Less than three years ago, a left-leaning political scientist who favored the Polish liberal opposition expressed the hope that it was not worth fighting the conservative right, as its supporters would die out on their own.
“By 2023, over a million people will die, and over a million of today’s teenagers will gain the right to vote,” proclaimed Leszek Jażdżewski.
He believed that supporters of liberalism: Civic Coalition, LGBT, and groups who put EU interests above all else while also opposing social welfare programs would ultimately win thanks to young people’s votes.
Some 33 months after Jażdżewski’s prophecy, the Wirtualna Polska news outlet announced shocking news under the title, “Law and Justice wins among young people, fascination with the Confederation is visible. Views may surprise.”
The portal reported on the results of the latest analysis by the Indicator Center and the Adenauer Foundation, which presented the preferences of the youngest group of voters aged 18 to 30.
If the balance of power in the Sejm depended solely on them, Law and Justice would win (27 percent), ahead of Civic Coalition (24.7 percent) and the Confederation (19.2 percent).
This means that currently, slightly more young people want to vote for Law and Justice than during the 2019 elections. Indicator Center also shows that nearly 60 percent percent of young people in Poland do not want the abortion law to be liberalized.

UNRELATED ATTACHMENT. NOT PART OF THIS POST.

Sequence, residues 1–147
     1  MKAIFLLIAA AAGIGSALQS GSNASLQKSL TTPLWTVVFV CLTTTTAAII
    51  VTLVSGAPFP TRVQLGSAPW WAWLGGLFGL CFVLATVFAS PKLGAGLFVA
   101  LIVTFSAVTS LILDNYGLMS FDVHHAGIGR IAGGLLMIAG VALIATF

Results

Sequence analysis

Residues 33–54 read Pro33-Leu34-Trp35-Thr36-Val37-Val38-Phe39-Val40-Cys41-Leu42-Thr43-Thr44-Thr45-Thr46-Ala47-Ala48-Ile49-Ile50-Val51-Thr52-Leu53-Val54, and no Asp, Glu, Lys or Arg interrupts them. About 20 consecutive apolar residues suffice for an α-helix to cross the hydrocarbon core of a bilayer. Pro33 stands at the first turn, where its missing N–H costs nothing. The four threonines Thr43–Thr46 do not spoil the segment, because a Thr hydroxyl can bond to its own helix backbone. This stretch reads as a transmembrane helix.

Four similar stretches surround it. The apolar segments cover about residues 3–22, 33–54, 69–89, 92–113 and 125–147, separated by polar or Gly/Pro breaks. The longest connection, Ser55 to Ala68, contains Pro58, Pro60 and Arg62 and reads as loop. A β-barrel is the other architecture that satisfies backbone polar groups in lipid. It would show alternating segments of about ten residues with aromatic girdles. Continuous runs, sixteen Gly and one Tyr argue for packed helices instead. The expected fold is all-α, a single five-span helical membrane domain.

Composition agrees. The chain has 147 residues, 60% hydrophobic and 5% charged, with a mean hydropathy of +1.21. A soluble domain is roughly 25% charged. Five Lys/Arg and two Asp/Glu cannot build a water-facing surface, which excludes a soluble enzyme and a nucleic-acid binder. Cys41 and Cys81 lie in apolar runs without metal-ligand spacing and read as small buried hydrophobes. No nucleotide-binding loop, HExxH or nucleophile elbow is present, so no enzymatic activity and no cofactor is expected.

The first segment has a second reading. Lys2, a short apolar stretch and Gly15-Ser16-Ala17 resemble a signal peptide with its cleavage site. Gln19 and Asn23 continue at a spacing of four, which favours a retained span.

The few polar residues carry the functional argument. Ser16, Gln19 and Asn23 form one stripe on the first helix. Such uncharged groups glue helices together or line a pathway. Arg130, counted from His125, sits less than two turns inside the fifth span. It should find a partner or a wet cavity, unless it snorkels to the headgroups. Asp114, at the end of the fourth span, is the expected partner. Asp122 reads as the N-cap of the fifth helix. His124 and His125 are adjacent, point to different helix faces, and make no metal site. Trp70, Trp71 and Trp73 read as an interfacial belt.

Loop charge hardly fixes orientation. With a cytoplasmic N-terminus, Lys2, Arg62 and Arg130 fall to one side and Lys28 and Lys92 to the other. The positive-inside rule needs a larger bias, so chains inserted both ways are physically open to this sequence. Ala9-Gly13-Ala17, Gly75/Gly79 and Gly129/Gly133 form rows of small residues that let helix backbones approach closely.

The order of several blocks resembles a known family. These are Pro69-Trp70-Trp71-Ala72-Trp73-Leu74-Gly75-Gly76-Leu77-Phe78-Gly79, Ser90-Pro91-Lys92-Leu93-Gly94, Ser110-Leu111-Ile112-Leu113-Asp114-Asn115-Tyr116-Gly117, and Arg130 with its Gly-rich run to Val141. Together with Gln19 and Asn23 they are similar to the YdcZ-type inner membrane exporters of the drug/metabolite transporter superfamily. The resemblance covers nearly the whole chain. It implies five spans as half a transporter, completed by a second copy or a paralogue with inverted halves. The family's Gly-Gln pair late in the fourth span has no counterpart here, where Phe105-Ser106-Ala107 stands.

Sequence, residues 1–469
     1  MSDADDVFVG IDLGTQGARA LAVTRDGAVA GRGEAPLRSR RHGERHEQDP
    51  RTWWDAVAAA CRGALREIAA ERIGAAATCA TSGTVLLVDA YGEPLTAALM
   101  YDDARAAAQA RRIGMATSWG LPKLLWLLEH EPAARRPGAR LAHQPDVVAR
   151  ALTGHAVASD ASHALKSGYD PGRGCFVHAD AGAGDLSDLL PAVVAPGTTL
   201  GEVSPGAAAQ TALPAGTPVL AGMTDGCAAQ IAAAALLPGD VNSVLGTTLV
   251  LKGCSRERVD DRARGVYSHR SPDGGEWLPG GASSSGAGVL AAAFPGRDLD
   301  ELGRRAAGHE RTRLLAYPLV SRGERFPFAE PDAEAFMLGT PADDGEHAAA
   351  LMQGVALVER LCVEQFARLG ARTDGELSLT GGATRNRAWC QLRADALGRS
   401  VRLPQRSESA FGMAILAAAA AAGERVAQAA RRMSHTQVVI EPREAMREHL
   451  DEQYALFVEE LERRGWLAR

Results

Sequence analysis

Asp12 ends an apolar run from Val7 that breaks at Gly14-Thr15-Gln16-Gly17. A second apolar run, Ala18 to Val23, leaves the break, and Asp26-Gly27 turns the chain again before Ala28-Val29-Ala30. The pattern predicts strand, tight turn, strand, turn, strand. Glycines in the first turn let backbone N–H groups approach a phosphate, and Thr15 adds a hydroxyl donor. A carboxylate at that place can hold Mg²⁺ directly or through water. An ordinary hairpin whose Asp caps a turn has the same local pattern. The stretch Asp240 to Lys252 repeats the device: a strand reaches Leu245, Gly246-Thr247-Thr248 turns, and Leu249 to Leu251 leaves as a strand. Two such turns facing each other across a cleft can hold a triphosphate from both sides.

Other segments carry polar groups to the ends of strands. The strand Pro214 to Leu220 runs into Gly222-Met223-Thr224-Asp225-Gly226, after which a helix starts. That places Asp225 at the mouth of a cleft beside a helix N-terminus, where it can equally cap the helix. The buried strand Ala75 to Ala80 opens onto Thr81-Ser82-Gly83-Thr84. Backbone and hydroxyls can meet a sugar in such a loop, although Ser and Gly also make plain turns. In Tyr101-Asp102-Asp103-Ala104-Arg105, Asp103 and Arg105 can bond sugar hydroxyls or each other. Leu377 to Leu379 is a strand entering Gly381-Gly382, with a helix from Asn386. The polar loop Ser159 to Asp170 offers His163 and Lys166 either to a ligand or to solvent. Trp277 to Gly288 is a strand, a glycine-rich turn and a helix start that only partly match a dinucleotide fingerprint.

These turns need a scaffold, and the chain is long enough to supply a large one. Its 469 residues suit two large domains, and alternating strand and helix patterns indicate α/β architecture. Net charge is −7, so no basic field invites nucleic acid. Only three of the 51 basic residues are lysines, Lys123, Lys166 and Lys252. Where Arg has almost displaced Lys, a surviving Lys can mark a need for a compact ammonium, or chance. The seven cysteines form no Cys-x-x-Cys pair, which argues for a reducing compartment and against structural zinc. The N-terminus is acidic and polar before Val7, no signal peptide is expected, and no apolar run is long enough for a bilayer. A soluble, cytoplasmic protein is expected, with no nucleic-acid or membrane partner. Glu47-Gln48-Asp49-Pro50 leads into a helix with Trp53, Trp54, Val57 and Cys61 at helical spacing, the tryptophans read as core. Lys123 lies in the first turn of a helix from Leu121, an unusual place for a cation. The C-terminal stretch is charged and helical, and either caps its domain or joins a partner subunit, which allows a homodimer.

What should be done in this situation? Wirtualna Polska consoles itself with the statement that “Poles aged 18 to 30 are becoming a smaller and smaller group of voters every year – today 4.66 million people, or 14.9 percent of the adult population as a whole (for comparison, seniors over 65 years of age represent 25.1 percent of eligible voters).”
In December 2016, a survey on the attitudes of young Poles, conducted for the Rzeczpospolita newspaper, was accompanied by a dramatic comment: “Young Poles still support Law and Justice and do not see a threat to democracy.”
In May 2018, the results of another survey conducted in several European countries for a German company surprised foreign and Polish commentators. Once again, young Poles did not perform well and turned out to be “an anomaly in the EU.” Their support for the European Union was much lower than that of their peers in Spain, Germany, Italy or France, and comparable to that of Greece or Great Britain.
To make matters worse, “only 2 percent of Poles declared an exclusively European identity, and (only) 6 percent place it above their Polish identity.”
Meanwhile, 46 percent of young Poles answered that they only feel like citizens of their own country, while 43 percent said they feel first as citizens of their own country and then as Europeans.
“The attitude of Poles differs significantly from other nations surveyed,” the study concluded.